Tisbury reviews proposed beer and wine regs
A review of possible beer and wine licensing regulations spilled over from the 45 minutes it was expected to require to almost two and a half hours, at the Tisbury selectmen's meeting Tuesday.
The painstaking review of the entire thirteen and a half page draft document, section by section, occasionally went flat over issues such as whether to allow television sets in a restaurant, and if so, how many and how big.
About 30 people attended the work session intended to illuminate a question to be put to voters at the April 27 town election ballot. Voters will be asked to approve a special act of the legislature authorizing the selectmen to grant beer and wine licenses to eligible restaurants. If it passes, the selectmen want to have the regulations in place, because they expect restaurant owners will want to get a jump on the summer season by applying immediately for licenses.
As selectman chairman Tristan Israel explained in opening the discussion, the town drafted alcohol licensing policies, rules and regulations two years ago in preparation for the possibility of approval of a similar ballot question in April 2008. The regulations were shelved when the question was defeated by two votes.
"This is not a discussion of whether you're for beer and wine or against beer and wine in Tisbury," Mr. Israel told the audience. "This is a discussion of the regulations the selectmen would promulgate if the question passes."
The ballot question approved by state legislators asks, "Shall the board of selectmen of the town of Tisbury be authorized to grant 19 licenses for the sale of wines and malt beverages to be drunk on the premises of restaurants, including restaurants within inns and hotels, with seating capacities of not less than 30 persons, to be consumed with meals only, and only to patrons who are seated at dining tables, and to grant seasonal licenses for the same as the selectmen may determine?"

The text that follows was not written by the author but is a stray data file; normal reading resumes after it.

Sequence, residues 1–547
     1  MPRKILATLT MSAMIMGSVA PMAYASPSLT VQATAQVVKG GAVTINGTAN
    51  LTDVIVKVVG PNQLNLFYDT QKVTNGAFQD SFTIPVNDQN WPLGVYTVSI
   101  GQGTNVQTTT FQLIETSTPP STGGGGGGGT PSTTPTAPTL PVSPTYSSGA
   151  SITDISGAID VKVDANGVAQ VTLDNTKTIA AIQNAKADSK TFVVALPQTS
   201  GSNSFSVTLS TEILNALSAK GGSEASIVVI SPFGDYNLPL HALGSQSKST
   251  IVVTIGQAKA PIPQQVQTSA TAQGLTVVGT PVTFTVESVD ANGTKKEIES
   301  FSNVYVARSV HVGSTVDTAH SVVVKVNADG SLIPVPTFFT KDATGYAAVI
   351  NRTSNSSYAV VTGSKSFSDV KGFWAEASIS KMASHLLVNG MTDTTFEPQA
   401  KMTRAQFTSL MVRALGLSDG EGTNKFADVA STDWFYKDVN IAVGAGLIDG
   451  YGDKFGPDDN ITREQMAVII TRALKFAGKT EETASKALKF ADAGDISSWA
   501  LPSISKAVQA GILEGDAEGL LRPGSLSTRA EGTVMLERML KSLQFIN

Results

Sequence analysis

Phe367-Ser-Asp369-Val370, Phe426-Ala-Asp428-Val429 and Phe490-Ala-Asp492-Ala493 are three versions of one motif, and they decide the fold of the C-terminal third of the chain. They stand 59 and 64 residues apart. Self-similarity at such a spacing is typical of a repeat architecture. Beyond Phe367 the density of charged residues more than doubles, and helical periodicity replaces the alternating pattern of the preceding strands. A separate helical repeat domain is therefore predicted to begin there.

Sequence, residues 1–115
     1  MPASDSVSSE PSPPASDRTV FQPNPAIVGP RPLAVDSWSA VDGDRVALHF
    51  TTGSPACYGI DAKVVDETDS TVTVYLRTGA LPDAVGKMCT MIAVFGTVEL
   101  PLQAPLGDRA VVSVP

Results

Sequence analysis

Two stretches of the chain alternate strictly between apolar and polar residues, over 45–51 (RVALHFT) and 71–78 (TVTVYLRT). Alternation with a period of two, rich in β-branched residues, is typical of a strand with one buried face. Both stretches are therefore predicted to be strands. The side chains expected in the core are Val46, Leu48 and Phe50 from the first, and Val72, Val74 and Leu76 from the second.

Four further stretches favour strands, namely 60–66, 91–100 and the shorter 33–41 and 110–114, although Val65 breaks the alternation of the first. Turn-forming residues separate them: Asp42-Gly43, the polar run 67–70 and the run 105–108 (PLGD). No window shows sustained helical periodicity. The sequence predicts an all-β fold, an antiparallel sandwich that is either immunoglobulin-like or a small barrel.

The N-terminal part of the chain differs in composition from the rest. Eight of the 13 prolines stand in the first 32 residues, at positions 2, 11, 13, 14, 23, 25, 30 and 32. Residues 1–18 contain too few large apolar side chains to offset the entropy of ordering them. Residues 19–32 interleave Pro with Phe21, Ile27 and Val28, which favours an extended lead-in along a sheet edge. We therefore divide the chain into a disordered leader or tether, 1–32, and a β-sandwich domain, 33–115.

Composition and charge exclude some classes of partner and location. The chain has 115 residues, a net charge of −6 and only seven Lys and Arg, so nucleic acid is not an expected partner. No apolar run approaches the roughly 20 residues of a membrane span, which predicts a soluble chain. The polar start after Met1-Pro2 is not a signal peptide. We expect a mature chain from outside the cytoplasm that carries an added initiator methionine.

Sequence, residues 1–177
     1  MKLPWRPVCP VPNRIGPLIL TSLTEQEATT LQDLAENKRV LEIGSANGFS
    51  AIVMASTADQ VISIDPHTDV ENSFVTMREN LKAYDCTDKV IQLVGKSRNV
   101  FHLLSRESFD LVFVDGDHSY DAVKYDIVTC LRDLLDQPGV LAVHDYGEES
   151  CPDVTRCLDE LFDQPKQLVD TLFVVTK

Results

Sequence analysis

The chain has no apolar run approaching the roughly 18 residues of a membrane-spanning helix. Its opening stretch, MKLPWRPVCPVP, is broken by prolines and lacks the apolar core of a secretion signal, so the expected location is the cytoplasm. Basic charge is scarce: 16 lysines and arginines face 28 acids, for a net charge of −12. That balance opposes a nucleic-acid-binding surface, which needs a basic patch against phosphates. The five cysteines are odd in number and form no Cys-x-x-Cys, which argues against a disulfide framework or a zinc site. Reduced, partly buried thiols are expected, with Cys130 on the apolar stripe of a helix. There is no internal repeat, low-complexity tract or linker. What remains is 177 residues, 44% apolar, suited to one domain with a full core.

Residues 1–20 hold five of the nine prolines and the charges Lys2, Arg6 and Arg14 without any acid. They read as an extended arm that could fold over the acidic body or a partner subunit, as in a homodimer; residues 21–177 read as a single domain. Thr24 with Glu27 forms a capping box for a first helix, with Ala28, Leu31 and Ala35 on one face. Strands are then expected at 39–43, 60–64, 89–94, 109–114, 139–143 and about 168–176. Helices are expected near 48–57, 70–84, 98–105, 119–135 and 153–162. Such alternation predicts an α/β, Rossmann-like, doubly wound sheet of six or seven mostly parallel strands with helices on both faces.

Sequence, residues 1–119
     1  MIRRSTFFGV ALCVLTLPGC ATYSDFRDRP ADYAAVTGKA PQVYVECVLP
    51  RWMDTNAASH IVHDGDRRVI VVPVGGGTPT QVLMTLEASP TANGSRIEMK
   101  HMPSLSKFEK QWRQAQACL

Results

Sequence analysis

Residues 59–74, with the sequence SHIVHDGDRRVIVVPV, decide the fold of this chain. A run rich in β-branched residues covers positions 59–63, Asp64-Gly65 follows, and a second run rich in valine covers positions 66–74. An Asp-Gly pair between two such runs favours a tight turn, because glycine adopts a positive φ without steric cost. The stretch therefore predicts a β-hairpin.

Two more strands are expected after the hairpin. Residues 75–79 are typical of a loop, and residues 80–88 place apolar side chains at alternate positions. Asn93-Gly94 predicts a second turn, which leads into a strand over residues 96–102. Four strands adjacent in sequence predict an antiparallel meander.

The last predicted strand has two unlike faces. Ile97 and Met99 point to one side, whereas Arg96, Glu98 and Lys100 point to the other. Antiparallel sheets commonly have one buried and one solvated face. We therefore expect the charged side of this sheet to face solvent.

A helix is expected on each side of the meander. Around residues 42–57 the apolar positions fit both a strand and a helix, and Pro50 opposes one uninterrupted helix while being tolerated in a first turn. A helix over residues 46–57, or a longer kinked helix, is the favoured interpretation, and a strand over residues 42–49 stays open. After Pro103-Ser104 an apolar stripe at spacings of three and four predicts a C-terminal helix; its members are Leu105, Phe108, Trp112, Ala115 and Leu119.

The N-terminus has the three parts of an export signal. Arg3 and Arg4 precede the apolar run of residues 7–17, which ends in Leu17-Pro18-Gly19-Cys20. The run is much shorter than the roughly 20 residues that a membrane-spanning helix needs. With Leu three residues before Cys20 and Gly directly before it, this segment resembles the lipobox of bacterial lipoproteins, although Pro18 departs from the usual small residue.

Although the 2008 ballot question was similar, the 2010 ballot question specifies 19 beer and wine licenses. As the selectmen learned this time around, according to Massachusetts General Law, Chapter 138, Section 17, the legislation must stipulate how many year-round licenses a town may issue.
As a result, they developed a list of 19 Vineyard Haven restaurants that might meet the eligibility requirements for a beer and wine license, based on seating capacity and the capability to convert to dining and wait staff services.
Several people expressed concern about the town having no cap on seasonal licenses. However, Mr. Israel assured them that the number of seasonal licenses issued would be up to the selectmen, and that only a limited number of restaurants could meet the eligibility criteria anyway. Another limiting factor for downtown Vineyard Haven restaurants is that the number of seats is tied to sewer flow allowances, Mr. Israel said.
Attorney Howard Miller, who served as chairman of the State's Alcoholic Beverage Control Commission (ABCC) in the late 1960s and early 1970s, offered clarifications and suggestions as the regulations were reviewed and familiar issues from many previous discussions rehashed.
Rob Doyle, a finance and advisory committee member, asked whether the selectmen had considered issuing only seasonal licenses. Selectman Jeff Kristal explained that year-round licenses might be an enticement to restaurants to stay open during the winter, which benefits the community.
Although the question of how many year-round licenses the selectmen should issue was discussed, no one raised the issue that given the town's current acquiescence to bring-your-own-bottle alcohol consumption by restaurant patrons, alcohol may be consumed in all of Tisbury's restaurants, without limit.
A regulation aimed at keeping Tisbury restaurants from resembling bars, by limiting television sets to 15 inches, generated one of the lengthiest debates. When Mr. Israel asked for suggestions, a woman at the back of the room yelled out "42 inches," as if she were at an auction. Harriet Barrow countered with the idea that it was the level of noise, not the size of the TV that mattered.
Joe Tierney pointed out that the way the regulation is written, since it limits size but not number, a restaurant could have a whole room full of 15-inch TVs. Harold Chapdelaine, who protested televisions in restaurants altogether, proposed a compromise of allowing one 36-inch television per eatery. Selectman Geoghan Coogan ended the stalemate with the suggestion that televisions should be reviewed as part of a restaurant's floor plan.
Discussion about enforcement of the regulations, and whether and how enforcement would be practiced, also sparked some lively debate. Mr. Coogan and Mr. Kristal expressed confidence in the Tisbury police department's abilities to enforce the regulations and said future discussions would focus on how to do that.
At the work session's conclusion, Mr. Israel thanked everyone for restraint in avoiding philosophical debates. If the ballot question passes, the selectmen said they would hold another public discussion before approving the final alcohol licensing policies, rules and regulations.